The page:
10 interesting things about Chichen Itza of Mexico

Chichen Itza is an archaeological site in Yucatan and one of the most popular tourist destinations in Mexico. Rich in historical traditions and the center of a pilgrimage to ancient Maya civilization for over 1,000 years, it has a lot to offer.

1. Chichen Itza was voted one of the seven new wonders of the world and in 1988 it was recognized as a UNESCO world heritage site.

2. Chichen Itza means “the well of the Itza”.

3. El Castillo (Kukulkan Temple) is a famous pyramid occupying an extensive position in the Chichen Itza area. The temple is actually located on a temple that is much older.

4. Archaeologists believe that Chichen Itza was a mighty economic city circa 600 AD. The fall of Chichen Itza took place around 1000 AD.

5. The design and layout of Chichen Itza is clearly planned and the masons have built temples and pyramids in clusters.

6. The four most famous clusters in Chichen Itza’s architecture are the Great North Platform, Ossario Group, Central Group and Old Chichen. The Great North Platform is home to the most visited places in Chichen Itza, including the Kukulkan Pyramid, the Great Ball Court and the Jaguars Temple.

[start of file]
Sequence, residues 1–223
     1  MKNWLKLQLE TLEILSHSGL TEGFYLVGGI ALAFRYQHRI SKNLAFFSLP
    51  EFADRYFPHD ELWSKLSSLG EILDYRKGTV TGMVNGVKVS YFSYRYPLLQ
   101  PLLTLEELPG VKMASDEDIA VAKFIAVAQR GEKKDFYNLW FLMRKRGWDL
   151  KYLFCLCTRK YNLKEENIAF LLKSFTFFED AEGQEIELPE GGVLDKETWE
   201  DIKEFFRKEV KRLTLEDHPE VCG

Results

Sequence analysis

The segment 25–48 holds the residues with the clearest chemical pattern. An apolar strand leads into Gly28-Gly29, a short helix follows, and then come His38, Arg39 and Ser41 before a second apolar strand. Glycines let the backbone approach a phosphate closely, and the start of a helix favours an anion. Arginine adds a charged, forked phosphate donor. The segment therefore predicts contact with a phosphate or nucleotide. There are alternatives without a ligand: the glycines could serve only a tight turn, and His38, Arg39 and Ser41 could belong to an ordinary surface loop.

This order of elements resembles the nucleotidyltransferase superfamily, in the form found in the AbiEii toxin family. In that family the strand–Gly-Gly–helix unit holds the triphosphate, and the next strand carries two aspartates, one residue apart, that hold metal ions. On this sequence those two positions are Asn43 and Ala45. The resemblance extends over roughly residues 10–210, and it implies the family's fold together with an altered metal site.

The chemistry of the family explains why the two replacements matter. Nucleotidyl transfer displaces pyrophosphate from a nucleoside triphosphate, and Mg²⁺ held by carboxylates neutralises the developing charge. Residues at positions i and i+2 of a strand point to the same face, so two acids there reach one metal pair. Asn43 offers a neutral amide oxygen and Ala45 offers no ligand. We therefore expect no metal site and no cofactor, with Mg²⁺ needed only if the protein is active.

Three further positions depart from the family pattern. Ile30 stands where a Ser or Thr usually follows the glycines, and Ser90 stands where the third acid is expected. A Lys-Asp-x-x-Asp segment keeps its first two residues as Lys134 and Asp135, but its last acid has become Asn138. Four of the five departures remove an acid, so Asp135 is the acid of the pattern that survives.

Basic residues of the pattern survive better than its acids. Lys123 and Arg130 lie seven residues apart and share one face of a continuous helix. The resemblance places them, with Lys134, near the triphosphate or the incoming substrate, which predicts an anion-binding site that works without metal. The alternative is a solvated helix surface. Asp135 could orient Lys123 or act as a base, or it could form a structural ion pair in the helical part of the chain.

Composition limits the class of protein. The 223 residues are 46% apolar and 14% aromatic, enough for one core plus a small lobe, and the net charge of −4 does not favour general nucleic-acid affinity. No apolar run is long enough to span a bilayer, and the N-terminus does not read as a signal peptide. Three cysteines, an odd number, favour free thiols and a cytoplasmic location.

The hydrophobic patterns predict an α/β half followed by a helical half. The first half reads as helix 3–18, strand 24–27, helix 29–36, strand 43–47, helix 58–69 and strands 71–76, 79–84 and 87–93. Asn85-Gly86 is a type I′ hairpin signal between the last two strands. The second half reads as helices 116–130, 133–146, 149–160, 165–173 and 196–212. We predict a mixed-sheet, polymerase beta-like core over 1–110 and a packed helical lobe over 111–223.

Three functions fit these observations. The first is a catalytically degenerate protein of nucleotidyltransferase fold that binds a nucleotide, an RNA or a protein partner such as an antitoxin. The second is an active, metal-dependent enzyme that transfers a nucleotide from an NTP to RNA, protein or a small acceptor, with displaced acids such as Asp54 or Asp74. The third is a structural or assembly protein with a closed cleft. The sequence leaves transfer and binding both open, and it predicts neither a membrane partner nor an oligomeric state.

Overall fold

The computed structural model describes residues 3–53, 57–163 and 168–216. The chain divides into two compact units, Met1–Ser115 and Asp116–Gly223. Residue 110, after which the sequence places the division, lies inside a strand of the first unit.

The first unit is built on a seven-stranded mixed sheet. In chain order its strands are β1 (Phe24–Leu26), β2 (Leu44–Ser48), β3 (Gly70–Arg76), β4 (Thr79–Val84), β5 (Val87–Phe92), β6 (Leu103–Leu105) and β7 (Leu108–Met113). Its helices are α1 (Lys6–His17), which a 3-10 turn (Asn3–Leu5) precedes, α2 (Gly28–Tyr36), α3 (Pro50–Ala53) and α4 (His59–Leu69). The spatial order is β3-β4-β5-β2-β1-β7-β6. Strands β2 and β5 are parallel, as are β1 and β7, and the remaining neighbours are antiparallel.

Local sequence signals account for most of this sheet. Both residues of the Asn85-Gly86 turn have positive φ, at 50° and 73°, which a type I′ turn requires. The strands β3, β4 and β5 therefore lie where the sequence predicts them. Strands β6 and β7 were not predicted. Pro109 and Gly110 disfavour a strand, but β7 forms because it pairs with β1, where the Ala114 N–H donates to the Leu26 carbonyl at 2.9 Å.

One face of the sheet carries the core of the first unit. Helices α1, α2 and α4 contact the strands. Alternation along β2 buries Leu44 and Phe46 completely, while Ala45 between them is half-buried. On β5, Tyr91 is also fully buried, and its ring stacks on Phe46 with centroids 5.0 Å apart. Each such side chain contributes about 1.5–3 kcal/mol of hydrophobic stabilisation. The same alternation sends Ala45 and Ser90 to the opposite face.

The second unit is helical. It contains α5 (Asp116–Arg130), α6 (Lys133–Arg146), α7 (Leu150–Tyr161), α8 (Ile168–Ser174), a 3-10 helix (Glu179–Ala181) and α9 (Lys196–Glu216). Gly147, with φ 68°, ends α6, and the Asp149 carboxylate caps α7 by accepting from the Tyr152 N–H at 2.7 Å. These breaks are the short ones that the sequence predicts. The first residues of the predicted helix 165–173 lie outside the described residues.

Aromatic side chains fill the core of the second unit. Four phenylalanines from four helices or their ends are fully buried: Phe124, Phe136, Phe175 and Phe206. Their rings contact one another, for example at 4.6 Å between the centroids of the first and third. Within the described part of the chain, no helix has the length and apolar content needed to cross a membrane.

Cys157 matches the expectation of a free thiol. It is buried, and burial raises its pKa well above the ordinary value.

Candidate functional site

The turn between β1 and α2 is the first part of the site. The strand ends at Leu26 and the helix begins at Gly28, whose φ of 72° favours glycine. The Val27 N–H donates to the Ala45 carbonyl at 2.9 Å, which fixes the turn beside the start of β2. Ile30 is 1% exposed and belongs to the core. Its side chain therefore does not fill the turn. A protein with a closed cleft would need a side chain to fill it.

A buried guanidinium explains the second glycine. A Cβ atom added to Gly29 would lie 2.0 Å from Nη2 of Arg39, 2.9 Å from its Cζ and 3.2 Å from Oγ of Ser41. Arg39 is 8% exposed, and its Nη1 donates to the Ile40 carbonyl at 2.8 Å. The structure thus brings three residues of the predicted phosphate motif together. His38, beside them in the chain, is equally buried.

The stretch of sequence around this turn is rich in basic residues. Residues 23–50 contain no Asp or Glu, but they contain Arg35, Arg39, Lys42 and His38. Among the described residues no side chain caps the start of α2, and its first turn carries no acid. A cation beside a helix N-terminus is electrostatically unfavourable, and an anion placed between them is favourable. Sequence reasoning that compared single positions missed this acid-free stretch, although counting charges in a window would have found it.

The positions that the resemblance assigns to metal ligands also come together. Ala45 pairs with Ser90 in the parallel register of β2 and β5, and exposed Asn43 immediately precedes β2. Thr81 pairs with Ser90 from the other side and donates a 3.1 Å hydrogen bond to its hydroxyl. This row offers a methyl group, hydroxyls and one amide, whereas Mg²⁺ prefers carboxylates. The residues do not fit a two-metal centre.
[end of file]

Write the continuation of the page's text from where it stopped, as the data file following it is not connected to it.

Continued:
7. In the Spring (March 20) and Autumn (September 22), the sun creates a shadow through the Kukulkan Pyramid that gives a pictorial image of a snake sliding down the stairs.

8. Located to the north of Kukulkan Pyramid is an area dedicated to the observation of Venus. The Maya are astronomers and the movement of Venus has a special meaning to them, which influences the architecture of the ancient Mayan city of Uxmal.

9. Although the Kukulkan Pyramid is the most famous and most visited area in Chichen Itza, this heritage has many other areas that deserve attention. Osario has a similar architecture but is smaller in size and in the center of Osario is the entrance to a natural cave.

10. Many areas here are known for their ability to create unusual sounds. If you clap once from one end of Ball Court, it produces nine echoes in the middle of the field. In addition, applause in front of the Kukulkan Pyramid makes an echo that resembles the cry of a snake.